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The Chinese President will attend the opening ceremony of the 22nd Winter Olympic Games in Russia from February 6th – 8th at the invitation of Russian President, Chinese Foreign Ministry spokesman Qin Gang said on Monday.
Xi’s decision is in stark contrast to the US President Barack Obama’s boycotting the games in protest over Russia’s clampdown on gay propaganda. The White House delegation will not include the President, first lady or even the Vice President with Obama choosing to instead send an openly gay athlete, tennis icon Billie Jean King.
Meanwhile, the Chinese and Russian Presidents have vowed better ties in 2014 in an exchange of New Year greetings earlier this month.
Putin had referred to the special Sino-Russian bond during a televised interview last week.
“I know that I have many friends in China. It is not surprising, because we have special relations with China. And I have special feelings for China,” he said while answering a Chinese journalist.
In 2013, Xi and Putin have overseen enormous Sino-Russian joint ventures including a massive oil deal with state-run Rosneft, Russia’s largest oil company striking agreements to almost triple oil supplies to China in coming years from the around 300,000 barrels per day (15 million tonnes a year) it ships there currently.
The Russian President also invoked Napolean to underline the reaction of the western world to China’s growth.
“Probably, you know that Napoleon once said that China was sleeping, and let it sleep as long as possible. This is a traditional attitude of the Western Civilization towards the East, towards China, in particular. But China has awakened,” Putin said.
Welcoming Chinese investment in Russian projects, Putin said, “we have promising, very interesting joint plans with our Chinese friends”.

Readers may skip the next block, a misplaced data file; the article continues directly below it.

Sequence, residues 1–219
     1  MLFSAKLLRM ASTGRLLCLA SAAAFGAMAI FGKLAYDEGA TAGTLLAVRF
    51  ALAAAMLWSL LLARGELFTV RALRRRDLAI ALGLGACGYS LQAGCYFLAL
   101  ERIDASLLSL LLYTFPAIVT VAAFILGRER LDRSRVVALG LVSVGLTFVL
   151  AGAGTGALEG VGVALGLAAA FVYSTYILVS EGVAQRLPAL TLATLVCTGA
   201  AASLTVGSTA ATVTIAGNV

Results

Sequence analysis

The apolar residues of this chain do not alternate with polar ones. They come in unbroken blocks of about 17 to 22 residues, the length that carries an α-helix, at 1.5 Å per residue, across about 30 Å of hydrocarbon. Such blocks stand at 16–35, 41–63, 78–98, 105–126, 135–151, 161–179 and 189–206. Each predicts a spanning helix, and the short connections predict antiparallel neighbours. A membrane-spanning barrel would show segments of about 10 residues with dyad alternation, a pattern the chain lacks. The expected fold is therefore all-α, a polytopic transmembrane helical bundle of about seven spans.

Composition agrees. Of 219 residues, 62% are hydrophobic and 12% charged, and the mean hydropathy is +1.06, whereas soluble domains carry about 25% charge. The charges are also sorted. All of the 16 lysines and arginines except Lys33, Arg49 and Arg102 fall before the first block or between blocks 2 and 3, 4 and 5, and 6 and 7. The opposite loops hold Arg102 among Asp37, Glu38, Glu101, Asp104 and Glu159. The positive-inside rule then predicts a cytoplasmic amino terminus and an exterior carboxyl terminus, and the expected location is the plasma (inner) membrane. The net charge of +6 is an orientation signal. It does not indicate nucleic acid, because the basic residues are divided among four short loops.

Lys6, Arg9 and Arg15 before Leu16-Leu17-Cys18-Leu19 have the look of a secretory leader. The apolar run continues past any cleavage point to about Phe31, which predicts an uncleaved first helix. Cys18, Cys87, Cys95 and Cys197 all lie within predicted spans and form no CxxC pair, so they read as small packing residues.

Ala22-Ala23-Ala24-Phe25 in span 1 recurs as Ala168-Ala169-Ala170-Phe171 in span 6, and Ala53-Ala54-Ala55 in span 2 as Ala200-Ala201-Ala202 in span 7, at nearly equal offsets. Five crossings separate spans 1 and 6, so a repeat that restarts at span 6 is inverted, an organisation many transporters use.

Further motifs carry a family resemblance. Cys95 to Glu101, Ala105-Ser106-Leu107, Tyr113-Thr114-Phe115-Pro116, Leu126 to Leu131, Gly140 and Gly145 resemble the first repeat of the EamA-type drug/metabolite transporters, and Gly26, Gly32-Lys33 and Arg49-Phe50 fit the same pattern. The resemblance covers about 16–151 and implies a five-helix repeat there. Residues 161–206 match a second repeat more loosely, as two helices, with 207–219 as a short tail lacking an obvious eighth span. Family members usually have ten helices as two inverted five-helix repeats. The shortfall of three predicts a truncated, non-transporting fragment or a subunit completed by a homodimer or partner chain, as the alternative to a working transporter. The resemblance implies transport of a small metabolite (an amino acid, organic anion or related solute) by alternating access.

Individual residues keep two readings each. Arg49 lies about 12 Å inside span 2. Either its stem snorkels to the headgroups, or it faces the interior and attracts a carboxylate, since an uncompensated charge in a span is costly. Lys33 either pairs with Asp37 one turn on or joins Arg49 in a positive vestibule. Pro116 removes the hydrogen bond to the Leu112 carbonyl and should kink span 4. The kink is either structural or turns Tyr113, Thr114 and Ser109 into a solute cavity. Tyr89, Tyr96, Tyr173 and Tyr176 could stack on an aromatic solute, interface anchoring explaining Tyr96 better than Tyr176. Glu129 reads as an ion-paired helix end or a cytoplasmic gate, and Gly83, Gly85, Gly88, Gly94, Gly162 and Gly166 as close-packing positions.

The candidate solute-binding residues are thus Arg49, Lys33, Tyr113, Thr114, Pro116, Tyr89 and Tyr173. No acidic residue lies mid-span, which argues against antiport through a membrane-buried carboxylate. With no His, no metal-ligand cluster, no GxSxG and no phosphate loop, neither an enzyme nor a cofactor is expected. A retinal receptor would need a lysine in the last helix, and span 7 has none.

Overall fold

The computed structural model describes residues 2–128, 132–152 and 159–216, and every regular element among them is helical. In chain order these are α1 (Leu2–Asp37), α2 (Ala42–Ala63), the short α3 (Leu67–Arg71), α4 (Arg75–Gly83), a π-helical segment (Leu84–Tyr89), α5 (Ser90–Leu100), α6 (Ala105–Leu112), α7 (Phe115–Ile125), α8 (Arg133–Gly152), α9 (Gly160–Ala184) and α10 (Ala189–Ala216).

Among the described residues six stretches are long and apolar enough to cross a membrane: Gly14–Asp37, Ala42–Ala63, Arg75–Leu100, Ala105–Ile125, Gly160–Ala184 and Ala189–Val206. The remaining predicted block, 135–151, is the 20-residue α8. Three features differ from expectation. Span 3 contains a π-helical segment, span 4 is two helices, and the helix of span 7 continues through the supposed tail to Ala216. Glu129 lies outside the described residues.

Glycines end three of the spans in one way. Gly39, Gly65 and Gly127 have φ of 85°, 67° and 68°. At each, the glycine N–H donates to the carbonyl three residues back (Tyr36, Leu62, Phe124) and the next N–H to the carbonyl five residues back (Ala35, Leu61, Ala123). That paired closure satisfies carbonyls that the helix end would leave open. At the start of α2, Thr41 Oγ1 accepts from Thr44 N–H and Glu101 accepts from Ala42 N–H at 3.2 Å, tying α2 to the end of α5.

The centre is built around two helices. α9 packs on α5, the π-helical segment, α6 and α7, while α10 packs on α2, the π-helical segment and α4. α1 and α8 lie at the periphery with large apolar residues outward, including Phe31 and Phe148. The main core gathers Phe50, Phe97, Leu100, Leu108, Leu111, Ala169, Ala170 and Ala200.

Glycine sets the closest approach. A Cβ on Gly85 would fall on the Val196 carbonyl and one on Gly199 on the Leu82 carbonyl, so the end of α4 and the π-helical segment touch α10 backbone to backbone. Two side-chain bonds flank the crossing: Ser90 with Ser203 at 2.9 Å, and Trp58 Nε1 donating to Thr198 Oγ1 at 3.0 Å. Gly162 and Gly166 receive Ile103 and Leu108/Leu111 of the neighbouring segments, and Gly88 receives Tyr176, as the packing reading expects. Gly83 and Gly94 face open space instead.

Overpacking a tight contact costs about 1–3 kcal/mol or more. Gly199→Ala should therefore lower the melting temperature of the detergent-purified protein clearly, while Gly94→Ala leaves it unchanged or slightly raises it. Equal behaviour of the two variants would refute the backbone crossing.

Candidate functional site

“There are very good investment tools in China, including a whole network of major funds. The Russian Direct Investment Fund, the RDIF, works with some of them, with major Chinese investment funds. They already have joint projects,” he said.
“We cooperate in all areas: in politics, the economy, in the humanitarian sphere, in security, which is very important (I refer here to cooperation in military technology and in the purely military sphere),” said Putin.
Putin has said last week that there is a moral dimension to Russia’s hosting of the 2014 Winter Olympics
“There is a sort of moral moment,” Putin told a group of foreign and Russian journalists.
“After the collapse of the USSR and the difficult and bloody events in the Caucasus, the general state of society is one of dejection and pessimism. We need to cheer up. [We need to] understand and feel that we can put on such large-scale projects,” he added.
The Russian President claims the Sochi Olympic project has been “the largest construction site in the world”.
“I would like the participants, fans, journalists and all those who watch the Games on TV and follow them through the media to see a new Russia, see its face and its possibilities, and take a fresh and unbiased look at the country,” he said.